Author Archive for Peter Tschmuck

01
Jul
15

Creative Mornings Vienna – Revolutions in the Music Industry

On June 26, 2015, the Creative Mornings Vienna were devoted to the topic “revolution”. I had the honor to talk about the “Revolutions in der Music Industry” at University of Music and Performing Arts Vienna. For those who did not read my book “Creativity and Innovation in the Music Industry” yet, can enjoy a short YouTube video version on the Jazz revolution, Rock ‘n’ Roll revolution and the current digital revolution in der music industry: “Revolution in the Music Industry – Creative Mornings Vienna, June 26, 2015″.

You can find more on the concept of the international breakfast lecturing series here: http://creativemornings.com/

30
Jun
15

Music Streaming Revisited – the International Music Streaming Market 2014

Music streaming is on the rise. In the recent IFPI report “Recording Industry in Numbers 2014″ IFPI CEO Frances Moore is cited with “Streaming is now a mainstream part of the modern music industry.” (IFPI 2015: 5) Indeed, global subscription streaming revenue increased by 39.0 per cent and ad-supported streaming revenue by 38.6 per cent in 2014. In 2014, the global music streaming market (ad-supported as well as subscription) has a volume of US $2.2bn, which is even bigger than the single track download market (US $1.9bn) (IFPI 2015: 9). Music streaming, therefore, accounts for nearly a third of the global recorded music market. However, the market share of music streaming differs between countries. Whereas in Sweden the music streaming market share is 70 per cent of the overall recorded music market, in Germany just 6.3 per cent of the recorded music revenue comes from music streaming sources. And Japan, the second largest recorded music market in world, lags behind with meagre 3.1 per cent.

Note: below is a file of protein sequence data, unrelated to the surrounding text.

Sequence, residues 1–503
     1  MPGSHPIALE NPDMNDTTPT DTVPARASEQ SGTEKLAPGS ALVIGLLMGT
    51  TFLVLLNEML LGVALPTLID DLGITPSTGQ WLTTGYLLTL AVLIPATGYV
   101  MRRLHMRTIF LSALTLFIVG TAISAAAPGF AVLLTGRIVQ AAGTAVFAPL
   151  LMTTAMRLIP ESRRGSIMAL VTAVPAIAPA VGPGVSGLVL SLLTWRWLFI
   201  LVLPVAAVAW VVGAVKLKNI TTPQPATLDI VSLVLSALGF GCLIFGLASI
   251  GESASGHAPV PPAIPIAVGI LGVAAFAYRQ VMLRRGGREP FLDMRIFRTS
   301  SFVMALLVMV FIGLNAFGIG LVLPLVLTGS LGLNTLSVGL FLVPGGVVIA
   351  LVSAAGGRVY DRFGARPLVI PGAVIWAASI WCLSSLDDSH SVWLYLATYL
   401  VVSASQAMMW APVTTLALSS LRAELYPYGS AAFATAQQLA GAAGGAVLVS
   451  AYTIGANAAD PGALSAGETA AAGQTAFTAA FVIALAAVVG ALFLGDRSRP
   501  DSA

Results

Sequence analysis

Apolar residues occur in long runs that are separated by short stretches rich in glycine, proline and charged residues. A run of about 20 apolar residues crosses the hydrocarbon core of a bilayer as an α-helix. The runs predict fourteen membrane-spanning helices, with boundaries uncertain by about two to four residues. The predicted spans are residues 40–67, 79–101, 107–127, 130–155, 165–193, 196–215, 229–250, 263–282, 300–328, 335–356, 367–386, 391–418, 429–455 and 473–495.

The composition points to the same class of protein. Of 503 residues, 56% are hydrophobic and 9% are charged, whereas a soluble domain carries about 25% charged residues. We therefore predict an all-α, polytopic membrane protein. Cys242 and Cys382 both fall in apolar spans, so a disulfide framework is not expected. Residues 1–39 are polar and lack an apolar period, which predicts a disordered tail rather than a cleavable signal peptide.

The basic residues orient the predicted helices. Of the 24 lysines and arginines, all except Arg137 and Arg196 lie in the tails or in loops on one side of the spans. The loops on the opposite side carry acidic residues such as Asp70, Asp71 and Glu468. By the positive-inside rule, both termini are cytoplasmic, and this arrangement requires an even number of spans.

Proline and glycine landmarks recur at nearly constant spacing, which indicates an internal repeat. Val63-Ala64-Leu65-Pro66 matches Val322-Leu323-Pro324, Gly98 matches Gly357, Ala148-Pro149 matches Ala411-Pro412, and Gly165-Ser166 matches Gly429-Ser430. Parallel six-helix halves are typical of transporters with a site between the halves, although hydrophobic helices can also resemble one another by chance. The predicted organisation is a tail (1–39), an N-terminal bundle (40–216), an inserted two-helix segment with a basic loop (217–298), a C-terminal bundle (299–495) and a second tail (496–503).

In the following I would like to highlight the economic relevance of the music streaming market segment in an international comparison.

Continue reading ‘Music Streaming Revisited – the International Music Streaming Market 2014′

26
Jun
15

On June 26, 2015, the Internet platform “Debating Europe” of the Friends of Europe and the NGO Europe’s World, which is supported by the European Council and other European institutions the question “What would save the music industry from digital piracy?” was posed. I had the honor of starting the discussion on Skype. Find more here: http://www.debatingeurope.eu/2015/06/26/illegal-downloading/#.VY0gH0ZyfAF

06
May
15

International Journal of Music Business Research – April 2015, vol. 4, no. 1

The April issue of the International Journal of Music Business Business Research is now available online. This special issue – edited by Martin Lücke (professor at Macromedia University of Applied Sciences Berlin) and Carsten Winter (professor at the Hanover University of Music, Drama and Media – focuses on the German music economy. In the first article, Helmut Scherer & Carsten Winter (both full professors at the Hanover University of Music, Drama and Media) discuss success factors for music-based crowdfunding in Germany. Ronny Gey (University Jena), Frank Schumacher, Stephan Klingner (both University Leipzig) and Bettina Schasse de Araujo (Institute for Applied Informatics) highlight the conflict between artistic and economic rationales in a shrinking recorded music market that negatively affects creative and innovative processes in the music industry. In the third article David-Emil Wickström (Pop Academy Baden-Württemberg), Martin Lücke and Anita Jóri (both Macromedia University of Applied Sciences Berlin) discuss the higher education of musicians and music industry workers within the field of Popular Music in Germany.

Volume 4, no 1, April 2015 – special issue on the German Music Economy

Editorial by Martin Lücke & Carsten Winter, pp. 4-8

Helmut Scherer & Carsten Winter: Success factors for music-based crowdfunding as a new means of financing music projects, pp. 9-25